Jul/Aug 2012 Salon

The First Day

by Stanley Jenkins

The Dogs of Morning Barking

Your eyes snap wide open for an instant, and you spend the rest of your life pushing stones uphill trying to get those lids to just let the light in. And then you do your time in Rikers, on a nickel's worth of blinding flashes that emerge beneath heavy shades, when the window is open and the wind is blowing. And what the hell are you doing sleeping in broad daylight in the first place?

The light shines and is not overcome by the darkness.

O but the darkness! It is so sweet, my friends, it is so sweet. To sleep!

To sleep there must be a light to darkness—a light that only shines in its being extinguished. Something holds on.

Even dogs dream.

Night or day. Awake or asleep. The eyes wide open shine in the dark and in the light. Every saint a sinner and every criminal a neighbor.

O my tyger! O my lamb! The seer behind the seeing.

Every morning and every surrender to the reign of terror, the reign of terror of waking, of waking to every moment of rest and every morning of relinquishing and cowboying up; for each and every moment, I always emerge to the sounds of dogs barking and the return of the great beast that shadows my every move.

Surely goodness and mercy shall pursue me all the days of my life.

It is relentless.

For all my blindness, I am always seen.

And always seeing.



I dreamed I was in the darkness before there was light. And in the dream I understood that this was impossible because there is no darkness before there was light—and so, in the dream, had to understand that this darkness I dreamed I was in before the light was nothing but a reflection of what it felt like to be in the dark and far from the light, although it was strangely peaceful to be in the darkness before there was light, and know that it was a lie—as if perhaps the dream itself were pointing to what lay beyond itself.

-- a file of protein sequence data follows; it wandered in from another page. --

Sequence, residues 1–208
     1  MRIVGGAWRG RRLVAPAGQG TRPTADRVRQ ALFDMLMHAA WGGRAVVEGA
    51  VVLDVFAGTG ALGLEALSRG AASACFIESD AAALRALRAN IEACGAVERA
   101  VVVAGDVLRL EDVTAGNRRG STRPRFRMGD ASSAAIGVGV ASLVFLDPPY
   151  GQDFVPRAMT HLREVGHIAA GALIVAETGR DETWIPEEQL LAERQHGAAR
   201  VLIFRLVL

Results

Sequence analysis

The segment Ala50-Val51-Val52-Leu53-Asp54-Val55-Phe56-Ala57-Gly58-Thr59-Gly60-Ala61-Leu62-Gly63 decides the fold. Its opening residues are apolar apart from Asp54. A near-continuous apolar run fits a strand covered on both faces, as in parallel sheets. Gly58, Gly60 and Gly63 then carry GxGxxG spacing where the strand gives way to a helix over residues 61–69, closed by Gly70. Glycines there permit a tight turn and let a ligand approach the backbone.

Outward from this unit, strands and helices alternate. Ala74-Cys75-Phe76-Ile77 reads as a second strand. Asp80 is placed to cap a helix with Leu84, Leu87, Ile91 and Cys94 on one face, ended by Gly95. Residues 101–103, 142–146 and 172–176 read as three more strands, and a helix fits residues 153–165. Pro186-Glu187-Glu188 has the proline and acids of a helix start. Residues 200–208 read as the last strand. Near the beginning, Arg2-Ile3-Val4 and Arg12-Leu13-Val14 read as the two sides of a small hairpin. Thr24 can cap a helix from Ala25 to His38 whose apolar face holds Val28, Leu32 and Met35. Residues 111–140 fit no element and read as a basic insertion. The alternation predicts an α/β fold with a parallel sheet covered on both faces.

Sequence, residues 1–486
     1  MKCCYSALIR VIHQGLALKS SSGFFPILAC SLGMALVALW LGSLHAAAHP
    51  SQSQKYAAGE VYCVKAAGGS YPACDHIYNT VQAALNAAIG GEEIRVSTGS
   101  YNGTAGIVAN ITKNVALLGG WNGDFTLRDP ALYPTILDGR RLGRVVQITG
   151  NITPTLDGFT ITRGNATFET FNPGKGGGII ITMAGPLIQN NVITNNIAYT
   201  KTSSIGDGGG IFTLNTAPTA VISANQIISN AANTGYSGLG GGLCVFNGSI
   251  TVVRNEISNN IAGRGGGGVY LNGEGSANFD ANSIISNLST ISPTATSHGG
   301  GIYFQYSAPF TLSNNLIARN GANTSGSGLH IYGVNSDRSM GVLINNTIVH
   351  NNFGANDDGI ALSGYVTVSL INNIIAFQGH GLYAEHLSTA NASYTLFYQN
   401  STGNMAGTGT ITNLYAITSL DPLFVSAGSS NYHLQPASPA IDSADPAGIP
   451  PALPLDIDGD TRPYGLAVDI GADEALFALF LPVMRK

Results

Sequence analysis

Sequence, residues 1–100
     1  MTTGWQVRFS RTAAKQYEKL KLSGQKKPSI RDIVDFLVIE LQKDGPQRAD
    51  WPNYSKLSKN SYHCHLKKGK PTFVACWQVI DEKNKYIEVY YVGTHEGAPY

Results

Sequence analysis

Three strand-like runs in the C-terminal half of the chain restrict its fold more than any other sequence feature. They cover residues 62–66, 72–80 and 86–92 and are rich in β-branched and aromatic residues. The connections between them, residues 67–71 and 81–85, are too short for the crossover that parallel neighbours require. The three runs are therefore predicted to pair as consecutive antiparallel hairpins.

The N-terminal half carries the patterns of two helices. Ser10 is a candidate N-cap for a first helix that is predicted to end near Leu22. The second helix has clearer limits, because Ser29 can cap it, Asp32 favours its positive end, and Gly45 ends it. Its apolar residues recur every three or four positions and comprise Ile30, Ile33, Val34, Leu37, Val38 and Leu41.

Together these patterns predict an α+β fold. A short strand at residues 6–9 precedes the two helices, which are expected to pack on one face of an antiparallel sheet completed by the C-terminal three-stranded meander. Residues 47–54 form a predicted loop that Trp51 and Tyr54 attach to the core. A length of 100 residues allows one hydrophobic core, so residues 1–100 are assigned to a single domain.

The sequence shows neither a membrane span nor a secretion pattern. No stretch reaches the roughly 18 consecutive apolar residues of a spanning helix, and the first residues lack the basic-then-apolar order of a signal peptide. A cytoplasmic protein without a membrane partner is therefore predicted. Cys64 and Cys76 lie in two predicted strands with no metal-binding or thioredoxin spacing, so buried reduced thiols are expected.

And that's what struck me: that the dream meant to point to its own limitations, that the dream meant to acknowledge its own inadequacies to make present what remained absent in it's very existence. And the fact that in the dream I knew that I was dreaming, and that what I was dreaming of wasn't what the dream was making present, but was nonetheless being made painfully aware of in its absence... Made me wake up.

And there was light, and there was darkness, and it was good.

The first day.

Born again.


Jean Cocteau

There is a harrowing passage in Jean Cocteau's "Diary of an Opium Addict" in which he describes the pain of withdrawal and healing. It's been years since I read it, but one line echoes: "The tree must suffer the rising of the sap in the spring."

He's an addict. He mourns the healing. The returning of vitality, of life.

It hurts.

This healing he describes, it's harrowing, but it's also indulgent. It gives him a license to bask just one more time in the broken promise, in the bejeweled and benighted promise. Of the poppy.

It hurts.

At once, everything is revealed. Revealed in suffering: The love. The hunger. The gratitude. And the secret "no" that empowers grown men, far from home, to wake up from the dream of being swine—and become men.

And always at the same time, the deep debt all men owe to the dream. That, too.

We dream in the darkness, but it is only for the lack of light. And who is to say that our dreams are other than the light overcoming darkness—even as they always fall short?

Failed attempts at being who we are.

It hurts. It hurts so good.

And the light that shines in the darkness.

It's enough to give a man pause.

And to betray his dark lover.



I am under strict orders not to tell you my joy. I do not have clearance. But I am impatient in time. Aware that it is not unlimited.

I am not among the rebel angels. Although I have been charged with being for the party of Satan, without knowing it.

Let's just get down to brass tacks. If I could with impunity, without the yoke of responsibility. If I could. If I could.

I would tear this old building down.

And in doing so, sell my joy.

What happens to freedom when a man learns to love his chains?

But my joy is bigger than that. Bigger than my life. Bigger than my chains.

My joy—despite my every inclination—is not for sale.

I am either being enlightened or am enchanted. Either way, in joy a man can't hear himself think for the barking of the dogs of morning. He just keeps walking.

He just keeps waking up.


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